1. locojhon

    Brilliantly written.
    I can’t wait to see the article commented upon in the media up north…
    Yeah, right…like THAT will ever happen…NOT!

  2. innocentsaif

    Saif is innocent! he was framed and trapped inside the US embassy. Truth is very clear. You just have to listen to the other side.

    Visit his family blog at innocentsaif dotwordpress.

    1. sapitosetty Post author

      I didn’t mean to imply anything about Saif’s guilt or innocence. Quite the contrary, as I have no idea what happened.

      My point, and I think it’ll be clear if you read carefully, is that Chile is giving him the benefit of the doubt and due process, which is not the United-States-of-American way.

  3. locojhon

    I have little doubt that Saif will be found innocent. The independent Chilean judiciary is to be applauded. I think that his conviction is not the point of the exercise; we need look deeper.
    The idea is to instill the fear of unanswerable government over-reach and the potential abrogation of individual rights, with easily-targeted Muslims being the proxy for everyone who might have the audacity to be able to think for themselves and/or to question the world around them. For example, people are arrested without cause all the time in demonstrations all over the country, but demonstrations are fewer now—not because people are more satisfied with how things are—but because they know they have reason to fear their own government.
    Many intuitively know that Saif stands for anyone who could innocently happen to be at the wrong place at the wrong time, and get caught up in the same fabricated way.
    Welcome to an ever-more constrictive 21st century US police state.


  4. Quico

    okay, okay I understand: Espinosa is an idiot. But he’s an idiot, mostly, because he went around planting bombs without the okay from anybody higher up in the government. To take this as evidence that Chavismo is clean as a whistle on the terrorism front is ludicrous!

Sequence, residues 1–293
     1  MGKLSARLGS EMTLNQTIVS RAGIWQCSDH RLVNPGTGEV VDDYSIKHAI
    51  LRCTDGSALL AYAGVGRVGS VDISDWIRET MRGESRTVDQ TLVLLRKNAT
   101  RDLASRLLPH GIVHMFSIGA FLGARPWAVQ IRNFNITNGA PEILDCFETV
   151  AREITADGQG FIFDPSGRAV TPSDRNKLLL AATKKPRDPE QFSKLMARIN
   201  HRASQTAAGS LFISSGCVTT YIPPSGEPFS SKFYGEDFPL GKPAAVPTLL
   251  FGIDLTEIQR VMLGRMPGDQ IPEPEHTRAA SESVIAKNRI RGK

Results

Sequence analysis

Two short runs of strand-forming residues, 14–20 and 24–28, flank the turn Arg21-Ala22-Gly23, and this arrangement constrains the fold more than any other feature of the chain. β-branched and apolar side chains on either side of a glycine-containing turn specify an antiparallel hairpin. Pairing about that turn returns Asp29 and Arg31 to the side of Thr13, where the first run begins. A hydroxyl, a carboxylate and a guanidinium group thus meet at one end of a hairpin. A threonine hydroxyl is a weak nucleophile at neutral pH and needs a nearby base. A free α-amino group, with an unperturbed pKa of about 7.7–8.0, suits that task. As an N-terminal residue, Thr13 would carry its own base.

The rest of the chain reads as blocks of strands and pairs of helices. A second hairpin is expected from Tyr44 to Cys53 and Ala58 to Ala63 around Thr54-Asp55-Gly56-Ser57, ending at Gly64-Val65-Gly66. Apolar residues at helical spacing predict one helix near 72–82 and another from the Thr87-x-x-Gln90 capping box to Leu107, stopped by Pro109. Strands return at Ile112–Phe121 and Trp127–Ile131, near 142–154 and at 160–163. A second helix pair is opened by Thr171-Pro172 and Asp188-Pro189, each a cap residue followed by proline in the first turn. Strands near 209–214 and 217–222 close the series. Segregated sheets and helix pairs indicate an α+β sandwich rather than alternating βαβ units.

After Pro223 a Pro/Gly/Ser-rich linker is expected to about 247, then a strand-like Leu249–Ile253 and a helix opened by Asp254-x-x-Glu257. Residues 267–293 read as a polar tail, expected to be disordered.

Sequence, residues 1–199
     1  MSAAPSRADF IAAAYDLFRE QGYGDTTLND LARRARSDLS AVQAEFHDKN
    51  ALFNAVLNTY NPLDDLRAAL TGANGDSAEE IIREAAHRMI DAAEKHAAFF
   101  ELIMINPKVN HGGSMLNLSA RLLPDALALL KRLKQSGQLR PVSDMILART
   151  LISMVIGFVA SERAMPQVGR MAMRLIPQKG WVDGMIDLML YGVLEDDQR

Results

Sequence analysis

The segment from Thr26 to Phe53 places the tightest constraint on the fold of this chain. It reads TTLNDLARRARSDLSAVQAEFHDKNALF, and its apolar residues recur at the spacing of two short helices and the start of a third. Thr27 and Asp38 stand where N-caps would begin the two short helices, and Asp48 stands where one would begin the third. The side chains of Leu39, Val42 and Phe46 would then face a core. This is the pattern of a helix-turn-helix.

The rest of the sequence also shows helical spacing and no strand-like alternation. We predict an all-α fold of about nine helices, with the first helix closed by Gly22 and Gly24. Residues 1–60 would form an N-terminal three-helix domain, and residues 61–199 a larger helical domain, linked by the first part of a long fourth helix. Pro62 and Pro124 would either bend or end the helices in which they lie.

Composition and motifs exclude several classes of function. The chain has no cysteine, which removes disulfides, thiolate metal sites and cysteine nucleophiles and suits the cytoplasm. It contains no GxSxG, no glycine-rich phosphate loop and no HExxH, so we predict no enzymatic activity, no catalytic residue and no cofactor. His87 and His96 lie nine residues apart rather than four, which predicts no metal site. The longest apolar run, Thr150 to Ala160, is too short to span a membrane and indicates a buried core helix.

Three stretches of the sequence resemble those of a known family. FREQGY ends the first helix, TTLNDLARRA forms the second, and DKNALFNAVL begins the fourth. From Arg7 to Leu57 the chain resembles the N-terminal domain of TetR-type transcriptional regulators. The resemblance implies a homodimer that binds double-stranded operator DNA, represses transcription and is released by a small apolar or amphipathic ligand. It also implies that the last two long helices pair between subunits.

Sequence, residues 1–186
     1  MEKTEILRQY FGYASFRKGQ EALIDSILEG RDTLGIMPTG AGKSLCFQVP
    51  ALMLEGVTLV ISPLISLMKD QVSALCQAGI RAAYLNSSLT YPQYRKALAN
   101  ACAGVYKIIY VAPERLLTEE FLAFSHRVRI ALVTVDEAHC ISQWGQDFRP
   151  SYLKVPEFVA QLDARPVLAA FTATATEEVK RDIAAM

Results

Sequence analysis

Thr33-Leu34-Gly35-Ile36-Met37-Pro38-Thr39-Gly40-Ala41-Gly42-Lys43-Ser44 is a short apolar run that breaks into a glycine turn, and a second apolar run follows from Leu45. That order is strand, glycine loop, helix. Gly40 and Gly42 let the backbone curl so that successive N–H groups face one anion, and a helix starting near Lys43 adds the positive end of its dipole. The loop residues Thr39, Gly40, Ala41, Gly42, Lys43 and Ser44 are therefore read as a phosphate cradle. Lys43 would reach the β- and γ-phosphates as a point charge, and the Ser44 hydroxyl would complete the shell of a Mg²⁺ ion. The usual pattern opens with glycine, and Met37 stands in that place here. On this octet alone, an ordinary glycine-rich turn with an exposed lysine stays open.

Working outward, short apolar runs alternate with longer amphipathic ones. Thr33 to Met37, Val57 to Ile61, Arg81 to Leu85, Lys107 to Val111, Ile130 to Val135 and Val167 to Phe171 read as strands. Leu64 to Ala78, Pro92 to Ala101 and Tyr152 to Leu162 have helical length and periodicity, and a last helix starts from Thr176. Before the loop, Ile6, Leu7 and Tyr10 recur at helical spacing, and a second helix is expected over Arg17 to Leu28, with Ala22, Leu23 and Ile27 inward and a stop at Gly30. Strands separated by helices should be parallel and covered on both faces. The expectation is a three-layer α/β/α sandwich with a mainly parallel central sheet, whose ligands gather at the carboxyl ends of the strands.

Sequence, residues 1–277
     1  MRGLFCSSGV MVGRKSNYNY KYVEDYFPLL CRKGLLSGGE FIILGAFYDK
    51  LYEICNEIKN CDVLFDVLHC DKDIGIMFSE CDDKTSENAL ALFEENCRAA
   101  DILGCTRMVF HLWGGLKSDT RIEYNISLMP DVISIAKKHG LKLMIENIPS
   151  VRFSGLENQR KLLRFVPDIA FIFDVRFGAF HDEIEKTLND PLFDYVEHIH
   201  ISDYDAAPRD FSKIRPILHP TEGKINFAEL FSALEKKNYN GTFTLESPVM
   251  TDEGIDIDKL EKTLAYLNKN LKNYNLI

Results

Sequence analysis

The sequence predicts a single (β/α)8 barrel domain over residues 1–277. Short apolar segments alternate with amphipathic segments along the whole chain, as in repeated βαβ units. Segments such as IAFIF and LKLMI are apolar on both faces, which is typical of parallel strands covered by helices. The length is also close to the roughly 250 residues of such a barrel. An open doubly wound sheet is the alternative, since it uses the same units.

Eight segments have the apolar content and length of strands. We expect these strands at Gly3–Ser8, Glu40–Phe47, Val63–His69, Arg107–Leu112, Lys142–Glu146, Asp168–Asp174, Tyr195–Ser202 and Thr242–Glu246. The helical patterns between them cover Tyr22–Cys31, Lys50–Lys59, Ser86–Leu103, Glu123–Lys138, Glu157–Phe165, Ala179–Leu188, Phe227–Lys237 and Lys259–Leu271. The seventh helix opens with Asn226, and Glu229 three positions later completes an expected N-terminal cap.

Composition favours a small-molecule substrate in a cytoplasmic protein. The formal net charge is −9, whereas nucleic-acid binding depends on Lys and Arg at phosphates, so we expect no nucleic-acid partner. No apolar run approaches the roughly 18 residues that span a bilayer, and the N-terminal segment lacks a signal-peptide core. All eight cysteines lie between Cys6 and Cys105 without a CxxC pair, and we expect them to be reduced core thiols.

Here’s a government that’s been publicly called out by the judiciary in one of its allies states for making a known terrorists the head of its agriculture Ministry’s security service, and refuses to even acknowledge that somebody might be justified in seeing that that as a problem, attacking those who pointed out that link, instead. I mean, let’s get real: Venezuela’s alleged terrorism link doesn’t flow from the over caffeinated imagination of some Fox news hack, it stems from judicial investigations carried out over years by police in free countries.

  5. sapitosetty Post author

    Good points — I have little doubt that the government of Venezuela has contact with terrorists. But I was specifically talking about the Islamic terrorists that seem to be all the worry in Norteamérica. Espinosa became part of the mythology of Chavez’s support for Hezbollah, probably because that would fit the storyline, even though if anything it contradicts the accepted wisdom.

  6. Kepler

    Quico, what do you mean by “ties” and “links”?

    For me most of what Chavismo has is a gallymaufry of groups vaguely linked by resentment and desire for power but without any common agenda than just “annoy the US Americans” and no coordination.
    There are groups here and there pressing for their different plans, but sometimes they may be in contradiction to what Chávez wants.
    I think – perhaps I am wrong – that Chávez’s main aim is to annoy the West above all by “showing who his friends are” and to strengthen his power at home. There is some distance from there to him wanting them to actually carry out whatever they want.

    If we start scratching the surface of what is happening in Guayana or in the military sector, we will probably discover links to the Russian mafia. The gold sector in Guayana is being taken over by Russians (with some Chinese interests also popping in). So: what does FARC-Hezbollah-Russians-Chinese have in common?

    It is like the drug thing. Surely there are loads of Chavista honchos involved in the drug business now, but I don’t think it is like Chávez or his ministers planning this.
    People around Tarek al-Aissami have their agenda, Diosdado has his (mostly about money), Jesse (still) his.